Throughout my six years at the University of Manitoba, I was an active member of the Microbiology Graduate Students Association, a departmental subsidiary of the UMGSA (University of Manitoba Graduate Student Association). This involvement allowed me to step away from the lab and engage with fellow students. In general, I am also a big supporter of student life. Especially after COVID, it was important to show the new cohort of graduate students who really had comparatively little lab experience or proper work-life balance, but all that would connect them with their peers who had struggled the same and could give each other some advice.

Can you share a specific challenge you faced during your research and how you overcame it?

One significant challenge was attempting to apply a published method to my own research for over a year. Unfortunately, it did not yield the expected results, and the onset of the COVID-19 pandemic further complicated matters. However, instead of viewing it as a complete failure, I realized that the techniques and knowledge gained along the way led to the development of new genetic tools that could be useful in their own way. This experience taught me the importance of perseverance and finding value in even the most unexpected outcome. Even if you fail, you’ll always learn something.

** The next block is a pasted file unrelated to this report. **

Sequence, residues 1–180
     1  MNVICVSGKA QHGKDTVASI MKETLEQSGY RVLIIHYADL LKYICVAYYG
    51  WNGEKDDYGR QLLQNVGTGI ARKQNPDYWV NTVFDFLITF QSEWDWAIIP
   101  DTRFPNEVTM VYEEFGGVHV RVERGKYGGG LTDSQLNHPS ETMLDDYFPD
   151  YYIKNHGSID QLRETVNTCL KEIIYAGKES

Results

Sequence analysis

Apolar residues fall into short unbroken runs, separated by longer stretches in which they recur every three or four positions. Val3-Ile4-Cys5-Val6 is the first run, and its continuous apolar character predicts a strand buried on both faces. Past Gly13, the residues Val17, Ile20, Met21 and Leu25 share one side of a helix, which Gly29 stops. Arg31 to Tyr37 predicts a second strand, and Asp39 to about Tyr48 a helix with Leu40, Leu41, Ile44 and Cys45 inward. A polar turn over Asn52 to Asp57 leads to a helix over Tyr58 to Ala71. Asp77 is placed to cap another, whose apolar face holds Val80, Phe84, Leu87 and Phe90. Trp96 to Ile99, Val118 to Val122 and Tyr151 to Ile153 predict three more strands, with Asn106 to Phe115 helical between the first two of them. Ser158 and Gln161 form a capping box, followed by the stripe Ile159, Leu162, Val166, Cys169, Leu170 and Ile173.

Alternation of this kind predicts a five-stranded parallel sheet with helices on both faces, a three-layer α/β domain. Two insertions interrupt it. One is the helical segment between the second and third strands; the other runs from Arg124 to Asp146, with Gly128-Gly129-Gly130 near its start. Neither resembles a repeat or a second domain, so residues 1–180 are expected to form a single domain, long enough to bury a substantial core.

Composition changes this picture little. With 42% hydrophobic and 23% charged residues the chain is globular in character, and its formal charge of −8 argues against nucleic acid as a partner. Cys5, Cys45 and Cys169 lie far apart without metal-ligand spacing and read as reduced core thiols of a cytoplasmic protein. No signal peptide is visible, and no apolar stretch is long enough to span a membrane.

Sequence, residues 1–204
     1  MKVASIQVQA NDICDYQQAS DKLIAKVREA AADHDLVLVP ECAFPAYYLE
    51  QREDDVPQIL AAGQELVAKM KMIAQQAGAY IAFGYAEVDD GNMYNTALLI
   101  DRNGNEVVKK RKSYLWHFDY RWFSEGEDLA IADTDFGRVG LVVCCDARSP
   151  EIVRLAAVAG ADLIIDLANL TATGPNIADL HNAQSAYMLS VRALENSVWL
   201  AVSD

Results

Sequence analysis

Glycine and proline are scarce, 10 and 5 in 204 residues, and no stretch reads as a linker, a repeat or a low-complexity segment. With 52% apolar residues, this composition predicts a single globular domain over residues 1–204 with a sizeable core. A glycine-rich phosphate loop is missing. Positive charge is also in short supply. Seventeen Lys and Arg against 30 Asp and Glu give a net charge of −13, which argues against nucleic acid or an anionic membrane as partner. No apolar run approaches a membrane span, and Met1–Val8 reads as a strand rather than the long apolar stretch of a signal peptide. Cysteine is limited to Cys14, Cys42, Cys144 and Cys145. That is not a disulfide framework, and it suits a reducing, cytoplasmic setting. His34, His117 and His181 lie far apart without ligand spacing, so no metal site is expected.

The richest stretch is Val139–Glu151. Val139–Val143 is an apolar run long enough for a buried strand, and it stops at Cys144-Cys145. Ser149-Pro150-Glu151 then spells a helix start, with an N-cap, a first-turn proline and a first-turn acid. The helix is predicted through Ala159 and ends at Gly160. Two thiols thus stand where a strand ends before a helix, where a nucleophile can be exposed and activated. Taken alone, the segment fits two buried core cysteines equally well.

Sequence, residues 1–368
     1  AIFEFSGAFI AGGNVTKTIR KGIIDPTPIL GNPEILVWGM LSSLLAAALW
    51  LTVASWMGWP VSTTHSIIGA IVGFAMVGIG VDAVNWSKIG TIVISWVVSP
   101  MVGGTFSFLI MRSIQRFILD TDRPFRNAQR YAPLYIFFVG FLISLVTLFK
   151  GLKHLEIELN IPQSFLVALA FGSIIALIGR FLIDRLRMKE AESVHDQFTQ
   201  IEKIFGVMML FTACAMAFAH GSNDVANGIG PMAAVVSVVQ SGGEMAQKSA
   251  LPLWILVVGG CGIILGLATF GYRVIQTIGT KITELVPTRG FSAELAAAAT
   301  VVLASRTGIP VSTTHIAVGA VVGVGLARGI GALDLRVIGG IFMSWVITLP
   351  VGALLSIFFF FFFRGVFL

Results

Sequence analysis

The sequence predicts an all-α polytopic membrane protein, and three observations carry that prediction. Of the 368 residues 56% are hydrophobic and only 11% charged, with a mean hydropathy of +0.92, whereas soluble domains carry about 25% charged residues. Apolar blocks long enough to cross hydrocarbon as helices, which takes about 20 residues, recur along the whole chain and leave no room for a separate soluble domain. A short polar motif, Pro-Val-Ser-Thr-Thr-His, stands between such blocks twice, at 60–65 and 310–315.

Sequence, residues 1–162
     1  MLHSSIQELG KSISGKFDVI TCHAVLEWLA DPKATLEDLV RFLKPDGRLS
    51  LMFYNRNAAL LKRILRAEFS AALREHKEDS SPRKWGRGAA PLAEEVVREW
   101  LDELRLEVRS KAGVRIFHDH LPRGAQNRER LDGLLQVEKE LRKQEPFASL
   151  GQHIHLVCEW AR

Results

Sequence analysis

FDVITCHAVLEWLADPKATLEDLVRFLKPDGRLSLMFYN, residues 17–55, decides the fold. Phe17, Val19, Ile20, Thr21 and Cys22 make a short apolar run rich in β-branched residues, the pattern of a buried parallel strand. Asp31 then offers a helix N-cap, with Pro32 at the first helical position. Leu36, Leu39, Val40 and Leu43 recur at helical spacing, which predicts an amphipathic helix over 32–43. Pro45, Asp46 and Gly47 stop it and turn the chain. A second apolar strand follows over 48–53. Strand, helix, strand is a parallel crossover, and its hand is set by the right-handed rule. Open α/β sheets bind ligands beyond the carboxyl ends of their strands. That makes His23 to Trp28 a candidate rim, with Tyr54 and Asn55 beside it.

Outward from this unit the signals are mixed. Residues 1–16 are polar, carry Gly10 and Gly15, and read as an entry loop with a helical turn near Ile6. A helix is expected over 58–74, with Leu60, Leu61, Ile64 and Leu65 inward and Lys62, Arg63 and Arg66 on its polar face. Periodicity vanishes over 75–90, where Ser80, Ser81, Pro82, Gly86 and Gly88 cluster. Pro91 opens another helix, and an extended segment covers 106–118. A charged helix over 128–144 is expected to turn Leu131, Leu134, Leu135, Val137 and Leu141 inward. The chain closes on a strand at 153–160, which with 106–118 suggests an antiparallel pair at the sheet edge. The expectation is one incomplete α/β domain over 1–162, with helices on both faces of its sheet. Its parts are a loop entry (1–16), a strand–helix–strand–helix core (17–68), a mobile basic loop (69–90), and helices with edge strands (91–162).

Have you collaborated with researchers or students outside of your field, and how did it impact your perspective?

I have been fortunate to collaborate with a diverse range of researchers through Silvia’s collaborator network. One notable interdisciplinary collaboration involved working with Dr. Rebecca Davis from Chemistry and Dr. Pingzhao Hu from Biochemistry and Medical Genetics. Over time we learned the basics of each other’s fields and the best way to explain our own to each other. Now as a group we are doing fantastic work applying machine learning and chemoinformatics to antibiotic discovery. The take-home I guess is that the best way to understand something is to try and teach it to someone else because then you realize all the gaps in your prior knowledge that you need to go back and look at. That influenced my knowledge of being able to now tell or explain things to non-experts.

What advice would you have for someone who is just entering the University of Manitoba?

Especially as an undergrad. As someone who will soon be starting a post-doc at the European Molecular Biology Laboratory (EMBL) in Heidelberg, Germany, a prestigious facility that I never thought I would have the opportunity to join, I have learned a valuable lesson: never undervalue your own experience and expertise. We often underestimate our abilities and are overly critical of ourselves. My advice is to be ambitious and think big. To solve complex problems, we cannot rely on outdated methods or yesterday’s thinking. We must constantly embrace the latest ideas and approaches. Remember, we solve today’s problems with innovative thinking and fresh perspectives. So, as you embark on your journey at the University of Manitoba, believe in yourself and aim high. You are far more capable than you realize.